This article presents in a clear, easy-to-understand language everything you need to know about the HIPAA Security Rule. The simplicity does not indicate any lack of thoroughness or any degree of incomplete information.
However, there is another part to HIPAA: the HIPAA Privacy Rule. We have discussed that in a different article.
HIPAA In Brief
Health Insurance Portability and Accountability Act: that is what HIPAA is. It is a 1996 law that has last been amended in 2003. The main aim of HIPAA is to increase individual access to and control over personal health information.
The natural corollary of that is to reduce the way the health industry can use individual health information. The concept of protected health information (PHI) is central to HIPAA. Any health information that can identify an individual is protected.
The Scope Of PHI
Any individually identifiable health-related information falls within the scope of PHI. Below is a ready checklist:
- All demographic details
- Other common identifiers like address, date of birth, social security number, etc.
- A person's physical and mental health history, covering past, present, and future
- The healthcare provision applicable to an individual
- The payment for all healthcare provisions of past, present, and future for an individual
However, it is possible to de-identify some health information by removing the individual identifiers in them. De-identified information is not within the purview of PHI.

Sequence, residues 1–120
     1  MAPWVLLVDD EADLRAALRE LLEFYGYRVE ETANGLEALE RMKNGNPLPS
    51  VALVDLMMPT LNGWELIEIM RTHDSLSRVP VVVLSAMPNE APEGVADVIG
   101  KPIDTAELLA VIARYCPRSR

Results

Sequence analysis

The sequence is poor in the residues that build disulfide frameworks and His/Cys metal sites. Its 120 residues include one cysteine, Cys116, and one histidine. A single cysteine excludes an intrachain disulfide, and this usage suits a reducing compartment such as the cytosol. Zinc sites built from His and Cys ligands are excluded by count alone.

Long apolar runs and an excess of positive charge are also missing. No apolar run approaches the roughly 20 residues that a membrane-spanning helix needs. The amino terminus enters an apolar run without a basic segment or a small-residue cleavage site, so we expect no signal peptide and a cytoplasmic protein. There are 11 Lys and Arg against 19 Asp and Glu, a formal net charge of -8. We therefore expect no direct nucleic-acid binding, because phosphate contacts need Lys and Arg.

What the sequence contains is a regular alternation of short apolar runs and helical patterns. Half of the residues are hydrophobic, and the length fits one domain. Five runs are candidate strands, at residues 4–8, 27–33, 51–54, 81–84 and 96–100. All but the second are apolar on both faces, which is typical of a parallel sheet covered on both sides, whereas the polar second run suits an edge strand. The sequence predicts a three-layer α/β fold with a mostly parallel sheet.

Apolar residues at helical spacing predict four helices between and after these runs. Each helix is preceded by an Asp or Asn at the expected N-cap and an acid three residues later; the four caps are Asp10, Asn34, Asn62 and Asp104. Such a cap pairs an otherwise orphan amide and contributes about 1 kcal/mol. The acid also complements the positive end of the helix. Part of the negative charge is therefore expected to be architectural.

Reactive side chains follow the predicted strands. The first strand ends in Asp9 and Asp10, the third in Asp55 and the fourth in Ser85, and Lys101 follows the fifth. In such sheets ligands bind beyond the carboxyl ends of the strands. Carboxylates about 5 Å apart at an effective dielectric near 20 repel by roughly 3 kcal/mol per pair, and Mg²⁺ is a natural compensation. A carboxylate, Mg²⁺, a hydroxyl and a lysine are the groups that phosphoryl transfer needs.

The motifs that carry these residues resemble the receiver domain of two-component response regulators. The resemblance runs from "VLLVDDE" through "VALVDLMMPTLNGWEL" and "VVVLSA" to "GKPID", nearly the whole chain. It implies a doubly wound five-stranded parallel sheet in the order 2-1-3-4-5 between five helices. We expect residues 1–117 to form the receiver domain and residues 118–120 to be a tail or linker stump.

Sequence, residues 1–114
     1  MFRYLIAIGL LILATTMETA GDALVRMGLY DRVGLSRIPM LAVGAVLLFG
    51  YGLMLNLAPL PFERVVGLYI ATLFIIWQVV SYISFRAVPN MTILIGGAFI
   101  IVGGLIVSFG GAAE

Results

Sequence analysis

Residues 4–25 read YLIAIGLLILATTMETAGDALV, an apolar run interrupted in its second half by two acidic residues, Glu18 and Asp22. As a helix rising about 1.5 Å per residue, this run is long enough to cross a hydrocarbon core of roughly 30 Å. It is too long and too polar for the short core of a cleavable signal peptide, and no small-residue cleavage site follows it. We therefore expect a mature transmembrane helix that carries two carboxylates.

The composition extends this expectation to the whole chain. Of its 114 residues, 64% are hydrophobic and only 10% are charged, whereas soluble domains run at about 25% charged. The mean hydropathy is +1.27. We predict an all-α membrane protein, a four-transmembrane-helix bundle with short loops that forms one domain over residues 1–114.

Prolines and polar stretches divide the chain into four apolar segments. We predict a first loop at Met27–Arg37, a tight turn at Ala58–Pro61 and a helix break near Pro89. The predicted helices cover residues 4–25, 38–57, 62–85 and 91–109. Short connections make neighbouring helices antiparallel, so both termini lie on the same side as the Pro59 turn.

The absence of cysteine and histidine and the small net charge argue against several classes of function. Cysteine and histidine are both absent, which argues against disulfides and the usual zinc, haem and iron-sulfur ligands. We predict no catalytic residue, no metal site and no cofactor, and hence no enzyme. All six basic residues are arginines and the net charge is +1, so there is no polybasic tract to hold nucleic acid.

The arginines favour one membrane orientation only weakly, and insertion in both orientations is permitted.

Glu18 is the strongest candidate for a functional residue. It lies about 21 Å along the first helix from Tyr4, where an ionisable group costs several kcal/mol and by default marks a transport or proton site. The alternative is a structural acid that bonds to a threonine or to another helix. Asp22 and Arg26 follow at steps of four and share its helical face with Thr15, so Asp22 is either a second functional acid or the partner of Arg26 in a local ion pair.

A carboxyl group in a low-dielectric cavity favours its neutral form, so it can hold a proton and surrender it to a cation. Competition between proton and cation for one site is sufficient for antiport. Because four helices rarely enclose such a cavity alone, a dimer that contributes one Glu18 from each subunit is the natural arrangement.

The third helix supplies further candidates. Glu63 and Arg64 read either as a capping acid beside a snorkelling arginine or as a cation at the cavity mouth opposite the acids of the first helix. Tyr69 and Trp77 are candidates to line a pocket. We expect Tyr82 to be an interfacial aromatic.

The HIPAA Security Rule applies to PHI in electronic format (e-PHI).
HIPAA Security Rule
The Security Standards for the Protection of Electronic Protected Health Information: that is the formal name of the document that contains the national standards issued by the Secretary, HHS. It is popularly known as the HIPAA Security Rule.
The aim of these standards is to ensure the security of individual health data as the healthcare industry becomes increasingly more technology-dependent. The HIPAA Security Rule elucidates the measures necessary to implement the HIPAA Privacy Rule.
HIPAA grants individuals the right to retain their privacy and control over health-related data. The HIPAA Privacy Rule articulates those rights. The Security Rule informs the healthcare industry in the U.S. what to do to comply with the Privacy Rule.
Integration of information technology (IT) and artificial intelligence (AI) is necessary for healthcare service delivery to be more efficient and effective. Yet, such integration leads to the emergence of data breach threats.